Consumers globally are facing the highest prices they have faced in a generation. A number of factors are at play, which is exacerbating what is termed ‘the cost-of-living crisis’. Both consumers and businesses are being affected. There is a perfect storm of inflationary pressures, supply chain and labor shortages and rising energy and food prices. All coming together to fuel record inflation rates.
The UK has been one of the worst hit economies in the G20. The country is experiencing the highest inflation rate in the G7 group of economies, hitting a 40-year high of 9% with that number expected to climb even further in the coming months. And, there is a real fear that the country may enter recession this year, according to economic think-tank NIESR.
We looked at 61.8m e-commerce transactions in the UK over a six-month period (November 14th 2021 – May 14th 2022). We then compared the data to the previous year (November 14th 2020 – May 14th 2021), to identify any trends that showcased a potential slowdown in consumer behavior.
Here is what we found:
Over the last six months, inflation in the UK has almost doubled. We looked at the e-commerce impact for consumers on two categories of basic necessities – Food & Drink and Health.
As inflation started to rise significantly in 2022, we saw a 12.1% rise in the 6-month average in the Average Order Value (AOV), when compared to 2021 in both categories – Health’s AOV increased by 10.3% during the period and the Grocery category grew by 12.1%. Typically, AOV rises indicate a positive for e-commerce companies, as basket values are increasing. But, not in this case.
With wage growth falling behind inflation, the rise in AOV cannot be viewed in isolation. Products have grown more expensive. To get the full story, we looked at two other e-commerce metrics: Transactions and Conversion Rate.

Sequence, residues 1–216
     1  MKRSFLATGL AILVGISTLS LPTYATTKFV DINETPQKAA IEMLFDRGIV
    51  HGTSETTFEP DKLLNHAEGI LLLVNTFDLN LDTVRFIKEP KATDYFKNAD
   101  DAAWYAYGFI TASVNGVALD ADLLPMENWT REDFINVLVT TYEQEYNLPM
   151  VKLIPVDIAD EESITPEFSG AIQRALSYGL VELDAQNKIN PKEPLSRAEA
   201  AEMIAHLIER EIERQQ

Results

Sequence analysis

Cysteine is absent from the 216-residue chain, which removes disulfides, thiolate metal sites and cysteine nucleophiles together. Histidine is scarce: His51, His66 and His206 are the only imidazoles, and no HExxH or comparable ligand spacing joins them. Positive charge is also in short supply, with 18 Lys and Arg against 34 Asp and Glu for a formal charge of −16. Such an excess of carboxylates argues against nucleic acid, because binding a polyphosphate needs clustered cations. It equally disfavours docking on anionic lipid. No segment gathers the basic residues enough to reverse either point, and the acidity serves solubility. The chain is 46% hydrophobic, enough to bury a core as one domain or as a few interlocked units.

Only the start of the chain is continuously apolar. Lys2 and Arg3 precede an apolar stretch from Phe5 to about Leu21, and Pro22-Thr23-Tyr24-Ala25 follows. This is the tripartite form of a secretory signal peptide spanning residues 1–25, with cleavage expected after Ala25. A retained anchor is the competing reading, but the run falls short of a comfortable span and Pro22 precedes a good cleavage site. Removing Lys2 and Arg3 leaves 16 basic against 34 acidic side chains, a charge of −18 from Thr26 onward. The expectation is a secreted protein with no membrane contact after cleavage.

The first metric we explored was the Conversion Rate. The metric measures the number of conversions divided by the number of visitors to a website. It helps build a fuller understanding of why there has been a double-digit increase in AOV, despite the cost-of-living squeeze in the UK.
In the Grocery category, we saw quite a substantial drop in conversion rates over the 6-month period – it dropped from 8.1% to 7.1%. Conversely, in the Health category, over the same period – the conversion rate actually increased rather substantially from 1.8% to 2.3%. The UK experienced its coldest winter in over a decade during the period we measured, which may have increased the demand for medicine. We saw this in our data with an increase in sessions between November and into December.
However, it is not quite such good news for Health retailers once we add in the Transactions metric, which represents the number of unique orders in an online store. This is when we see how the cost-of-living crisis affected sales in the industry. People spent more on Health products like medicine during the six months period that we measured. Inflationary price rises could explain this, causing consumers to buy less products, despite the higher AOV. Our data showed an average 24% decline in transactions compared to the previous year, despite the cold weather.
There was even worse news for the e-commerce departments of Grocery shops. Transactions shrunk by a substantial 42%, which included the Christmas period. One possible explanation for the reduction, could be down to shoppers preferring to do their grocery shopping in-store, as the cost-of-living crisis took hold. This may explain the higher basket values, but with fewer consumers buying online.
With products seen as consumer staples seeing a decrease in transactions. It is perhaps unsurprising that our data highlights a reduction in consumer spending on discretionary products (goods not seen as necessary, e.g. furniture, clothing, sports equipment, etc.).